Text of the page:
CONCLUSIONS
Calibrated multi-size models of a carbonate reservoir rock have successfully been generated with our PSG technology. The calibrated depositional textures and models are based on input data from plug measurements, thin sections and MCT data. Petrophysical properties, such as absolute permeability, electrical resistivity and NMR responses were computed for both the virtual rock and the MCT images. The results of these computations are in reasonable agreement with experimental data from the core plug measurements. Simulations of NMR T2 responses show, in general, an agreement with the largest pore size classes represented in the models, the MCT images and the laboratory

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measurements. NMR simulation on the 8µm PSG and MCT closely reproduce the main peak of the NMR plug measurement. Due to the fact that the 1.4µm and 0.7µm PSG and MCT represent very small volumes and a limited pore size range, their peaks are offset to smaller pore sizes. Numerical pore networks have been successfully extracted from the PSG models by applying available network extraction, thus enabling simulation of multiphase flow through the models.

ACKNOWLEDGEMENTS
The authors acknowledge Den Norske Stats Oljeselskap ASA (Statoil) for granting permission to publish this work. The authors thank H.C. Widerøe for providing the experimental NMR measurements.

REFERENCES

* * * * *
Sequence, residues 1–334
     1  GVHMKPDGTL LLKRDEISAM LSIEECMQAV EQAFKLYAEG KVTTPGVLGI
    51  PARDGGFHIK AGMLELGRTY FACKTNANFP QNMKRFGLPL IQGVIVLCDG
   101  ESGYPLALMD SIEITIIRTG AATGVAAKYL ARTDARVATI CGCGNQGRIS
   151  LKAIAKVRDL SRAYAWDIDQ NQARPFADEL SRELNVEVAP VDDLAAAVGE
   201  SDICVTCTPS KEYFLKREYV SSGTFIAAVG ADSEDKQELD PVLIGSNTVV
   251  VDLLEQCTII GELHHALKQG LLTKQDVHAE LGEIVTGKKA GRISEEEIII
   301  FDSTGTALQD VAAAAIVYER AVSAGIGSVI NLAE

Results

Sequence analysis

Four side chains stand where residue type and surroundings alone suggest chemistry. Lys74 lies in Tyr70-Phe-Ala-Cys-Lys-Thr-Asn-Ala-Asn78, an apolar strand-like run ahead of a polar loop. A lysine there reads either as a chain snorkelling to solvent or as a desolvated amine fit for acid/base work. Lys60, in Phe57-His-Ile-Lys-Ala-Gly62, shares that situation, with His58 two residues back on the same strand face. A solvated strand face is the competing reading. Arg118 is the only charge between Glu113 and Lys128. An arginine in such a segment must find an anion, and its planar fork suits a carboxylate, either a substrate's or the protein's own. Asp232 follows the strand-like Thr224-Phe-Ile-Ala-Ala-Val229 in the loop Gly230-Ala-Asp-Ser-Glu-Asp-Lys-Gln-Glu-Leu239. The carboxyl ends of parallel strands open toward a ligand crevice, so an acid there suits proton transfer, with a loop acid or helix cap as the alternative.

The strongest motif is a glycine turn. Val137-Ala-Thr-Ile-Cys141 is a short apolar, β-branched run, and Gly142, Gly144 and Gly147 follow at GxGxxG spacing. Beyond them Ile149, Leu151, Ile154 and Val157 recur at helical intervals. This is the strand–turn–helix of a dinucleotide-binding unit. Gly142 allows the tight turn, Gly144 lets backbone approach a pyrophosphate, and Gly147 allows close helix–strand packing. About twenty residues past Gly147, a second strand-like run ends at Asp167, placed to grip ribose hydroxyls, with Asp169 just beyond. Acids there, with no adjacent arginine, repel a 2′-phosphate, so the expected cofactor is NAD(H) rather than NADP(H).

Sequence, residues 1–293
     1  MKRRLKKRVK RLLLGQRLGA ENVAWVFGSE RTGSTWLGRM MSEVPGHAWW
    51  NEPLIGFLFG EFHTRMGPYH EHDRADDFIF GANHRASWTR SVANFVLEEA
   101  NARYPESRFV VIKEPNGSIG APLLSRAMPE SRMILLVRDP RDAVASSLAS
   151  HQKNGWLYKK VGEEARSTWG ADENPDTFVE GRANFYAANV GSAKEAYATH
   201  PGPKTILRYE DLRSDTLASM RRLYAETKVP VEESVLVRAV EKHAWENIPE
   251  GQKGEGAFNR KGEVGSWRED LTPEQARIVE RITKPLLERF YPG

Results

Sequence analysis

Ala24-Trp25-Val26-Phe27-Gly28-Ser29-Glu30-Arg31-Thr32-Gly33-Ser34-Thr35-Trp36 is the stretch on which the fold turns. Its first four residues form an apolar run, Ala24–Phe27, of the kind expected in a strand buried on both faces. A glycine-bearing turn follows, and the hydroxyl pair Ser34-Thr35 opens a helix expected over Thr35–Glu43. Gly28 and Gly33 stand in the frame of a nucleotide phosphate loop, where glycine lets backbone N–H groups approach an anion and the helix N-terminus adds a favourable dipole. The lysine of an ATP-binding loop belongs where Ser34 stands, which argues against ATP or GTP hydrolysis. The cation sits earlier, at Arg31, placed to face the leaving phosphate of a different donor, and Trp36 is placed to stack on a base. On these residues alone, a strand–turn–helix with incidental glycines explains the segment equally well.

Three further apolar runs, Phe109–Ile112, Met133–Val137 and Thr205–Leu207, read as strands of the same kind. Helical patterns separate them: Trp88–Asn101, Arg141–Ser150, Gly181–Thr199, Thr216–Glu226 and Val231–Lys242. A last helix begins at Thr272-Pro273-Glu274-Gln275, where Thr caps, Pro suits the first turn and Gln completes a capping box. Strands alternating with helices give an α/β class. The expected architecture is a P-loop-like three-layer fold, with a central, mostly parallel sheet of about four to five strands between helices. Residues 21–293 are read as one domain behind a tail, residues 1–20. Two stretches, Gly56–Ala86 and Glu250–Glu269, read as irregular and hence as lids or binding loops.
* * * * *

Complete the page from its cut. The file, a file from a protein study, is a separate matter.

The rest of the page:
Arns C.H., F. Bauget, A. Limaye, A. Sakellariou, T.J. Senden, A.P. Sheppard, R.M. Sok, W.V. Pinczewski, S. Bakke, L.I. Berge, P.E. Oren, M.A. Knackstedt, "Pore-Scale Characterization of Carbonates Using X-Ray Microtomography", SPE 90368, presented at the SPE Annual Technical Conference and Exhibition, Houston, September, 2004. Bakke, S. and Øren, P.E., "3-D Pore-Scale Modeling of Sandstones and Flow Simulations in the Pore Networks", SPEJ, (1997) 2, 136-149. Biswal, B., Øren, P.E., Held, R.J., Bakke, S. and Hilfer, R., "Stochastic multiscale model for carbonate rocks", Physical Review E, (2007) in press. Boller, E., “Experiment report: Microtomography tests on rocks”, ESRF, Grenoble, (2006). Dunham, R.J., “Classification of carbonate rocks according to depositional texture”, In: Ham, W.G. (ed.), Classification of Carbonate Rocks. AAPG Memorials, (1962) 1, 108121. Kløv, T., Øren, P.E., Stensen, J.Å, Lerdahl, T.R., Berge, L.I., Bakke, S., Boassen, T., and Virnovsky, G.A., "Pore-to-Field Scale Modeling of WAG", SPE 84549, presented at the SPE Annual Technical Meeting, Denver, CO., 5-8 October, 2003. Lerdahl, T.R., Øren, P.E., and Bakke, S., "A Predictive Network Model for Three-Phase Flow in Porous Media", paper SPE 59311, presented at the SPE/DOE IOR Symposium, Tulsa, OK, 3-5 April, 2000. Øren, P.E, Antonsen, F., Rueslåtten, H.G., and Bakke, S., "Numerical simulations of NMR responses for improved interpretation of NMR measurements in rocks", paper SPE 77398, presented at the SPE Annual Technical Conference and Exhibition, San Antonio, Texas, 29 September-2 October, 2002. Øren, P.E. and Bakke, S., ”Process Based Reconstruction of Sandstones and Prediction of Transport Properties”, Transport in Porous Media, (2002) 46, 311-343. Pilotti, M., “Reconstruction of clastic porous media”, Transport in Porous Media, (2000) 41, 359-364. Strzodka, R. and Telea, A., “Generalized Distance Transforms and Skeletons in Graphics Hardware”, Joint EUROGRAPHICS – IEEE TCVG Symposium on Visualization, 2004.